Disruption for tenants during works was an issue of concern for the Panel. Much of the work, such  ...  view the full minutes text for item 13.


Social Housing White Paper pdf icon PDF 737 KB

Part 2 of the Panel’s ongoing consideration of the theme of tenant engagement and empowerment focuses on the proposed changes in central government’s white paper on Social Housing. A presentation will be given by Bill Graves, Landlord Services Manager. Also invited to this meeting to contribute are Councillor Diko Blackings, Cabinet Member for Affordable Housing, Housing Security and Housing the Homeless, Councillor Mike Rowley, Cabinet Member for Citizen Focused Services, Stephen Clarke, Head of Housing, Simon Warde, Tenant Involvement Manager, Wendy Hind, Tenant Involvement Officer and the tenant ambassadors. Stephen Gabriel, newly appointed Executive Director of Communities and People will be attending to watch.

It is expected that the findings will be written up at the end of the year, including any recommendations. The Panel is asked therefore to NOTE the report and AGREE any recommendations it wishes to make. Should it wish to make an urgent recommendation to Cabinet, ie prior to the report being written at the end of the year, it is also at liberty to do so. A list of the issues raised previously by the Panel for possible consideration as recommendations is included within the notes of the previous meeting for the relevant item.



Bill Graves, Landlord Services Manager, introduced the Panel-requested update report on the implications of the central government’s Social Housing White Paper.

The Grenfell tragedy had brought to the fore the importance of tenant safety in social housing. To that end, central government had put forward a white paper outlining seven rights of tenants in social housing. Although only a white paper, the clear advice of government was that social landlords should not wait before implementing the proposals. The rights identified were as detailed below:

1)    To be safe in your home

The implementation of the changes required would have a number of consequences for the Council. Tenant engagement would need to be increased significantly, the provision of proscribed safety information would be necessary, a named person made personally accountable for health and safety would need to be selected. The additional requirements would have staffing implications, needing to be funded from the Housing Revenue Account. The process for making appointments to many of the necessary roles was already underway.

2)    To know how your landlord is performing

The Council would be required to inform every tenant, at least once a year, on its performance.

Proscribed information would focus on compliance with multiple safety measures, the Decent Homes Standard, success in resolving complaints promptly and fairly, management and handling of anti-social behaviour and levels of tenant satisfaction over a number of key areas such as engagement, health and safety, overall condition, repairs handling, management of communal spaces, and the wider neighbourhood. Also included within performance reporting all social landlords would be required to make available information on spending, and be subject to challenge by residents if spending was thought not to be in the right place.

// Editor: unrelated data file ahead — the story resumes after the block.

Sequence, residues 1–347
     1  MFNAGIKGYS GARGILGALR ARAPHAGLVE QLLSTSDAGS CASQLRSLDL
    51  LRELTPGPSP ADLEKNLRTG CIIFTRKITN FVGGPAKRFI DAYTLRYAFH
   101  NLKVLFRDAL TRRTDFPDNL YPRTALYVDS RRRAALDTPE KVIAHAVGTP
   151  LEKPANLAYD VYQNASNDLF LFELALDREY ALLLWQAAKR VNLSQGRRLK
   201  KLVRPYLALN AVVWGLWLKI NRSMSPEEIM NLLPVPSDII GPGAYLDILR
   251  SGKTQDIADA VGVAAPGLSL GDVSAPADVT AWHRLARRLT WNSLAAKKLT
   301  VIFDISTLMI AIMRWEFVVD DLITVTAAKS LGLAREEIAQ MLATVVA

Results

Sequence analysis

The effects on the Council to comply with the requirements would include providing greater detail over spending, including more work with the tenant ambassadors to explain spending. The Council also wished to provide real-time data on its performance, meaning that costs would be incurred to support this. It was likely that the greater transparency over spending would lead to greater scrutiny over spending within and without the Housing Revenue Account.

3)    To have complaints dealt with promptly and fairly

Changes to the Housing Ombudsman’s code and other broader changes would have a number of impacts for the Council. These would include needing to adopt a two stage complaints process for housing complaints, with the Housing Ombudsman’s definition of a complaint. Policies would need to be updated and made available online, including the vexatious complaints policy and reasonable adjustments policy. Two officers to investigate and manage housing complaints would need to be recruited and additional publicity amongst tenants on their right to complain and information on how to do this would be required.

4)    To be treated with respect

Many of the changes in this aspect were external to the Council, with a more proactive regulator having greater freedom to make inspections and enforce significant fines and an expectation on providers in breach to self-refer to the  ...  view the full minutes text for item 14.


Dates of next meetings

Meetings of the Housing and Homelessness Panel are scheduled for:


04 November 2021

02 February 2022

04 April 2022


The Panel should also be aware that it is likely to be invited to participate in the Housing element of the Budget Review Group. The exact date on which this will happen has not been set, but Panel members are asked to note that the likely dates are either 06 or 10 January 2022.


The Panel NOTED the dates of future meetings.